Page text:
Location: Meat Safety & Quality Research
Title: Relative Contribution of Animal and Muscle Effects to Variation in Beef Lean Color Stability Authors
Submitted to: American Meat Science Association Conference Reciprocal Proceedings
Publication Type: Abstract Only
Publication Acceptance Date: May 10, 2010
Publication Date: June 20, 2010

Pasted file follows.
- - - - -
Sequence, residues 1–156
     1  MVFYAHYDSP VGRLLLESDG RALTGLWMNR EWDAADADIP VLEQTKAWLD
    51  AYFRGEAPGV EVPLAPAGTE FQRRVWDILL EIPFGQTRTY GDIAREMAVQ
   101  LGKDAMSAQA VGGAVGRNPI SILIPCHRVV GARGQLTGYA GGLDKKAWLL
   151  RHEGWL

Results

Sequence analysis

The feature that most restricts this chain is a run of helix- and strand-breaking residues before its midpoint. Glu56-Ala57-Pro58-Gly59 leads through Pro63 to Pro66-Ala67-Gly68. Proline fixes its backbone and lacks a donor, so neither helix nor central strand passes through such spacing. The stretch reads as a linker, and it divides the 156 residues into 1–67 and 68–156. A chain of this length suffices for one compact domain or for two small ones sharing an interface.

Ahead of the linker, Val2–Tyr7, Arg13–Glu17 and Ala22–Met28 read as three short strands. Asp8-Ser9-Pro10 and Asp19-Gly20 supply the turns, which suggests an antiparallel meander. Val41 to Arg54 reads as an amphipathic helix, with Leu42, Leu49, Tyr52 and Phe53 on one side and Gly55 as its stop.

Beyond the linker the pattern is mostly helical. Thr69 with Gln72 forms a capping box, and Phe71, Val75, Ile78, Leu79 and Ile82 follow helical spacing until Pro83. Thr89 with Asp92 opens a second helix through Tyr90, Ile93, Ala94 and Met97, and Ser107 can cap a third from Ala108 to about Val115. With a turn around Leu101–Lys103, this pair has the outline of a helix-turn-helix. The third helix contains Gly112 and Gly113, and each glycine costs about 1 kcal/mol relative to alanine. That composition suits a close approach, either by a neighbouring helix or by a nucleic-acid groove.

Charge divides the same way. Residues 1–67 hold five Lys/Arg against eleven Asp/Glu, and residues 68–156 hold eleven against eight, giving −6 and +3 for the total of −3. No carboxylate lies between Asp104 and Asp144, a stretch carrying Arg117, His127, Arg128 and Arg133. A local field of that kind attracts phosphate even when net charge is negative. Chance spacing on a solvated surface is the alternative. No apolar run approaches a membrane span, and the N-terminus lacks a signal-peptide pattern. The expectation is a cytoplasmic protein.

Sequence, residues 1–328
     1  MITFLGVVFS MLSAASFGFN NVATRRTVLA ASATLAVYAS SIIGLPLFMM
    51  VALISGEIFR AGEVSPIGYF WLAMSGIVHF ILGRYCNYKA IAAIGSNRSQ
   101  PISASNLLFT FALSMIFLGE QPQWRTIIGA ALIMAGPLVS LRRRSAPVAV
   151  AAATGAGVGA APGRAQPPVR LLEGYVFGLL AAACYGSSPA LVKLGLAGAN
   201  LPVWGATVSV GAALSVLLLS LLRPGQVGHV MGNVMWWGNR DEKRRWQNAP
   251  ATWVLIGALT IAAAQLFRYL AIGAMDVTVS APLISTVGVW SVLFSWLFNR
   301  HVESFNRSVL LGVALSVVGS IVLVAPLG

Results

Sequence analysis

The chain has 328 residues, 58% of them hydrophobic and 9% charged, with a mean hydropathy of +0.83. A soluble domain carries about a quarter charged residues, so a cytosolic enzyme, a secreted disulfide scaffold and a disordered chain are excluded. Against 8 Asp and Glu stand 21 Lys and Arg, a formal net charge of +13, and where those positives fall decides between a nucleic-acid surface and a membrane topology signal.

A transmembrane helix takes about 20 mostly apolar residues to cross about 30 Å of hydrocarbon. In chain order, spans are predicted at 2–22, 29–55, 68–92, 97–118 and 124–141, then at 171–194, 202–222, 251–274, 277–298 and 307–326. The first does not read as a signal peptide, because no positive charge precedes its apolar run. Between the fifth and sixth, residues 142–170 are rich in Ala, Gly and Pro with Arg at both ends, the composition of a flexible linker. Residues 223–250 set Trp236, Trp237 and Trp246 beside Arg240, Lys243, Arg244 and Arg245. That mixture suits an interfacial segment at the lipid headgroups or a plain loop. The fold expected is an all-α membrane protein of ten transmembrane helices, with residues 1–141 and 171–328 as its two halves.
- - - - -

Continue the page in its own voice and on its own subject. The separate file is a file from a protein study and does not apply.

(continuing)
Citation: King, D.A., Shackelford, S.D., Wheeler, T.L. 2010. Relative Contribution of Animal and Muscle Effects to Variation in Beef Lean Color Stability. Proceedings Reciprocal Meat Conference. 63:61. Technical Abstract: Our objective was to determine the extent to which animal effects influence variation in beef lean color stability in comparison to muscle and quality grade effects. Carcasses (n = 100) equally representing the US Choice and Select grades were selected on five days from a commercial beef processing facility. At 14 d postmortem, steaks were cut from the longissimus lumborum (LL), semimembranosus (SM), biceps femoris (BF), gluteus medius (GM), triceps brachii (TB), rectus femoris (RF), vastus lateralis (VL), semitendinosus (ST), infraspinatus (IF), teres major (TM), biceps femoris ischiatic head (BFIH), biceps femoris sirloin cap (BFSC), and gracillus (GR) muscles and placed in simulated retail display. Instrumental color values [CIE L*, a*, b*, and overall color change (delta E)] values were determined on d 0, 1, 3, 6, and 9 of display. As expected, initial color and the rate and extent of color change differed substantially across muscles within a carcass. Coefficients of variation (CV) indicated that variation in color change was highest for LL particularly on d 9, when the CV for LL was 49.0 compared to a range of 13.6 to 34.0 for other muscles. However, when d 9 delta E values for LL were compared to d 6 delta E values of other muscles, all muscles had correlation coefficients greater than 0.5 except the IS and TM. Correlations between LL delta E values on d 9 and the d 9 delta E values of other muscles were generally much lower, primarily because most of the steaks from some muscles had completely discolored, thus variation was reduced in the d 9 delta E values for those muscles. Variance component analysis indicated that quality grade did not contribute to the variance in delta E on any day of display. On d 1, selection day, animal, muscle, and residual effects accounted for 3.8, 5.1, 18.4, and 72.8% of the variance in delta E. On d 3, these factors contributed 12.2, 15.9, 33.6, and 38.5% of the variance in delta E, respectively. On d 6, selection day, animal, muscle, and residual effects accounted for 23.4, 19.8, 30.0, 27.2% of the variation in delta E, respectively. On d 9, the contribution of animal and muscle were similar (23.5 and 23.3, respectively), whereas selection day and residual effects accounted for 4.1 and 48.9% of the variance in color change, respectively. These results suggest that animal and muscle effects are important contributors to variation in beef lean color stability, and that the relative contribution of animal effects increases as time in display increases. These data also suggest that technology effectively influencing LL color stability would have similar effects on the remainder of the carcass.